A home building boom and the coronavirus pandemic have blown out the time it takes to secure quality home finishes and some building materials.
Renovators and those building new homes are being warned to get design picks locked in early to avoid disappointment, with overseas lockdowns combined with shipping and supply-chain issues slowing down international deliveries of everything from tiles to taps.
Detached housing construction is rising; the number of new houses commenced rose 4 per cent in the September quarter, official figures released on Wednesday show.
Lending for new home building reached a record high in November, and the take up of the federal government’s HomeBuilder scheme smashed expectations, with more than 75,000 households applying for the grants.
Preparation will be key to keeping projects on schedule, Housing Industry Association (HIA) chief economist Tim Reardon said.
“The building industry is going to face a challenge,” Mr Reardon said. “Early this year there is going to be a significant surge in the number of detached homes being built and that will require builders to carefully plan and ensure they have an adequate supply of building and labour products to meet the growth.
“They’re [also] going to be competing for the same pool of workers,” he added, although workers from the slowing multi-unit sector would likely switch into home building and renovating.
With the bulk of building products manufactured in Australia, restricted supply was mostly limited to imported fit-out products, Mr Reardon said.
“For certain products there may be constraints,” Mr Reardon said. “Customers may not necessarily get the specified tile or tapware they want, but there will be other options available and it will not cause significant disruption.”
It will be an issue for home owners set on a particular option, who will need to make design decisions further in advance, said builder David Moses, managing director of Horizon, based in Sydney’s eastern suburbs.
Once ordered four to six weeks in advance, bathroom tiles are now being ordered up to four months ahead of schedule if supplied from overseas, Mr Moses said.
“We’ve tried to be even more organised in terms of ordering things well in advance and either storing it on-site or in a warehouse … and we’re encouraging our subcontractors to do the same,” Mr Moses said.
“[But] things break, people change their mind and we’ve been in situations where we need just one part and it’s four or six weeks away. Normally … you’d say ‘let’s fly it out and pay for freight’, but there are no planes.”
Orders for stone tiles, complicated electronics and sensors for smart homes, and other specialised products from Europe, ran the risk of lengthy delays, he said.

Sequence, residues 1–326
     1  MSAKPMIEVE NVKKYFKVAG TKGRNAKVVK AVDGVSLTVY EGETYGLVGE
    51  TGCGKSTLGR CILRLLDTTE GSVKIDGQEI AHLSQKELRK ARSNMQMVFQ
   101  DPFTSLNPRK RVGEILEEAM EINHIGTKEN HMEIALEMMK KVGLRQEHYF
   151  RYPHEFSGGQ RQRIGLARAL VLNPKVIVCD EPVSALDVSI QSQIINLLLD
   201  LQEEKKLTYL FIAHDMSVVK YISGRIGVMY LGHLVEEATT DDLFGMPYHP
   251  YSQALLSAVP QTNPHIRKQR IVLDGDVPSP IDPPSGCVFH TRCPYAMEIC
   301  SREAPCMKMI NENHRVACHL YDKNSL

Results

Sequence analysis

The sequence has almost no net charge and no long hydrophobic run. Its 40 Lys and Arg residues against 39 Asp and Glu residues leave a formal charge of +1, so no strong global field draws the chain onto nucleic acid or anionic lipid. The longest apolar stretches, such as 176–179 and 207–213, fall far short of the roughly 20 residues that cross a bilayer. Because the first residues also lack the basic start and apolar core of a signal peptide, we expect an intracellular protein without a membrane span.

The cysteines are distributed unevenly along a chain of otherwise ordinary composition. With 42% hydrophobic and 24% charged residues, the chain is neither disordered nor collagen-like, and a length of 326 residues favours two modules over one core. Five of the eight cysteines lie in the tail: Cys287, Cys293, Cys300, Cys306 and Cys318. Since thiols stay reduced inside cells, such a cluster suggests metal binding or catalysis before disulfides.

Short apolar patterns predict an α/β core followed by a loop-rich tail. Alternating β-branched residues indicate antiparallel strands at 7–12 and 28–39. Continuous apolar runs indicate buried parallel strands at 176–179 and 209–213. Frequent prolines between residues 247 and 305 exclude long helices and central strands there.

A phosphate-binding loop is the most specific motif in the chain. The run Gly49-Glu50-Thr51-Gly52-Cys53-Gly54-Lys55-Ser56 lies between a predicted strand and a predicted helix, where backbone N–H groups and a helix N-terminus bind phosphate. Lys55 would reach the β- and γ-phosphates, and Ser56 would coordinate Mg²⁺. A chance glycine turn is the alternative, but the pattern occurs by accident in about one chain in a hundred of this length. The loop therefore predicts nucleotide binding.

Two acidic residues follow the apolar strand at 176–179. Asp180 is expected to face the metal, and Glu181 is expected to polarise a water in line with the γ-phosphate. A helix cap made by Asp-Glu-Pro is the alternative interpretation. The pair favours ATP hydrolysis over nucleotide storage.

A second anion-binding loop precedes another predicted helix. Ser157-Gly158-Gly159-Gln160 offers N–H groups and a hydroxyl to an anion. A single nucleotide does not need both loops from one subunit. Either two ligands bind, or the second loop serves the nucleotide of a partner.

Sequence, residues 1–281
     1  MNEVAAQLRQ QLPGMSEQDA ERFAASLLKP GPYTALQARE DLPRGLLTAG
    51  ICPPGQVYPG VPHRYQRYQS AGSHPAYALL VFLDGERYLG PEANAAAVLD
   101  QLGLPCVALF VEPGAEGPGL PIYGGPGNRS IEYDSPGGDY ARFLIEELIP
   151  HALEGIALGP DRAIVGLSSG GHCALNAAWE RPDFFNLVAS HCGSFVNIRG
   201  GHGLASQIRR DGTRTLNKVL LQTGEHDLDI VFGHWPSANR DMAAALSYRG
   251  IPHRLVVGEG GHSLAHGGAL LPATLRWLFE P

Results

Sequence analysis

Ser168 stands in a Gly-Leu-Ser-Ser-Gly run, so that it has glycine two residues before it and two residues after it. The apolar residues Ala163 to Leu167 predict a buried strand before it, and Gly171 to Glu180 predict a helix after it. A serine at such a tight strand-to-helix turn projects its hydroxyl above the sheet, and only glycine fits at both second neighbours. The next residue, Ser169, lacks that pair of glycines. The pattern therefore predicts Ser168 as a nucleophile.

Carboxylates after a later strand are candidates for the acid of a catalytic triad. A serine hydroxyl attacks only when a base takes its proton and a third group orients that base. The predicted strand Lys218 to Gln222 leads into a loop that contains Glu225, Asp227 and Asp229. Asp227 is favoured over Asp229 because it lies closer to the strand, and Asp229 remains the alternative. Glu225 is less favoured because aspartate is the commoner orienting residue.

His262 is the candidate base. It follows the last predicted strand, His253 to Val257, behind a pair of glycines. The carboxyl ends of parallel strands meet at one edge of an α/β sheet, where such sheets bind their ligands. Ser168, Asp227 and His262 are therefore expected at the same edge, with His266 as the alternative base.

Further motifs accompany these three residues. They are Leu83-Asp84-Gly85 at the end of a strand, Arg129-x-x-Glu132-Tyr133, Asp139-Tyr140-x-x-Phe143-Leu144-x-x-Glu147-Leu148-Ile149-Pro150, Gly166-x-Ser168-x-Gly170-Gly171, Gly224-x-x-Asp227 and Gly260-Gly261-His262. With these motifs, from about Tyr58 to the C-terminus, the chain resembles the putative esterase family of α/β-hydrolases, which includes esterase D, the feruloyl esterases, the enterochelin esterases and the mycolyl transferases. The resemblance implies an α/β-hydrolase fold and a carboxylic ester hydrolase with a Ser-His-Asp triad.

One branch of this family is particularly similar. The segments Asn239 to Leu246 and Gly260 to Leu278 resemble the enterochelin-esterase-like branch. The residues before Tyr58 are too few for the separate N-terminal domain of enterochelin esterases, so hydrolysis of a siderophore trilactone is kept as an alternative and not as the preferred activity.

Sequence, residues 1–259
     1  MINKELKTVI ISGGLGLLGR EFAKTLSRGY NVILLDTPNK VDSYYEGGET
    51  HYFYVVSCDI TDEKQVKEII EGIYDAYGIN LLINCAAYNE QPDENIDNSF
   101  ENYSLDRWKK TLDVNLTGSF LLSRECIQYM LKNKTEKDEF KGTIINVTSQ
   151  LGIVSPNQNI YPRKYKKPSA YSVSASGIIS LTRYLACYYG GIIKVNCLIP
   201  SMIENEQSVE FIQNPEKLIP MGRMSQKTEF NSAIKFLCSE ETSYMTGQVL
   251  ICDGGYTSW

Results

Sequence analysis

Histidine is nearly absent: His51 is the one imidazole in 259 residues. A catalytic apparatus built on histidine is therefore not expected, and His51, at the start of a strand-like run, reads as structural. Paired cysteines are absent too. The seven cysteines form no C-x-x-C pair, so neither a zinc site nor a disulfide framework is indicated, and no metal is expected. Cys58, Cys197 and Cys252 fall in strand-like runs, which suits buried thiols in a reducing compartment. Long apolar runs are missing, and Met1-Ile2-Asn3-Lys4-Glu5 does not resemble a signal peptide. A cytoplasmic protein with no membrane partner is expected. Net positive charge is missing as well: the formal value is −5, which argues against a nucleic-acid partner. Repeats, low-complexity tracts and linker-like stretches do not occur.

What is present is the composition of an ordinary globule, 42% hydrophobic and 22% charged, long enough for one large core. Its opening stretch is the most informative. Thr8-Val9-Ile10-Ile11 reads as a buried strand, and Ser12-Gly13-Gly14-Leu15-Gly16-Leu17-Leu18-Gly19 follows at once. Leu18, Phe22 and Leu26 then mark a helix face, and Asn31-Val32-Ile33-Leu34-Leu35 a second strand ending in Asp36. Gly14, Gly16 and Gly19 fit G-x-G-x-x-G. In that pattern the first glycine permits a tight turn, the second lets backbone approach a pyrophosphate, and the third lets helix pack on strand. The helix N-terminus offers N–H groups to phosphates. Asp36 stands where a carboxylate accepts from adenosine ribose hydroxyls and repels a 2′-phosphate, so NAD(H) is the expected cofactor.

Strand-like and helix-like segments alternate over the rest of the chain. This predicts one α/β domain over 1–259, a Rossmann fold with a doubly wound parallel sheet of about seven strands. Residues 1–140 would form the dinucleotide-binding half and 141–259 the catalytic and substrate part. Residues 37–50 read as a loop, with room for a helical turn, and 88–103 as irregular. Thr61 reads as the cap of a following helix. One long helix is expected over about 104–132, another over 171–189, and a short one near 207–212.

Others in the industry reported slow downs on features like door handles, light fittings, high-end appliances, and even shortages of some timber products – with supply impacted by last summer’s bushfires.
Most finishes were still available, just taking longer to arrive, said project manager Sarah Wood, director of The Middlewoman, based in Sydney’s inner west.
She said supply was tight, particularly for products from hard hit countries like Italy.
“It’s always coming, it’s just sitting on the dock,” Ms Wood said. “[The delays] just mean you have to be organised, you can’t do last minute things, as that’s when you have to try different styles or products rather than what you want.”
Mr Reardon expected the surge in renovation projects – already up 25 per cent – to increase further, as a result of changing housing preferences off the back of lockdowns and the rise of working from home, as well as people redirecting travel budgets to home upgrades. HomeBuilder had also been a key factor behind the rise, he added.
Hardware giant Bunnings has already seen strong demand for timber products in recent months, as Australians spend more time at home and more home owners look to build or renovate, according to general manager of merchandise Tracey Lefebure.
“Demand for some timber items sometimes exceeds supply at some stores and Trade Centres, however our suppliers are supporting us with fresh stock on a regular basis to meet demand.”
Overall though, Bunnings was not seeing major stock constraints with good availability of most products across the store network, Ms Lefebure said, adding there was the option to source from alternate suppliers where necessary.
Peter Langfelder, director of home building company Metricon, was sure there would be some pressure on trades for some builders in certain areas. However, he was confident the company’s supply chain would ensure there were no delay on Metricon home completions despite the increased demand.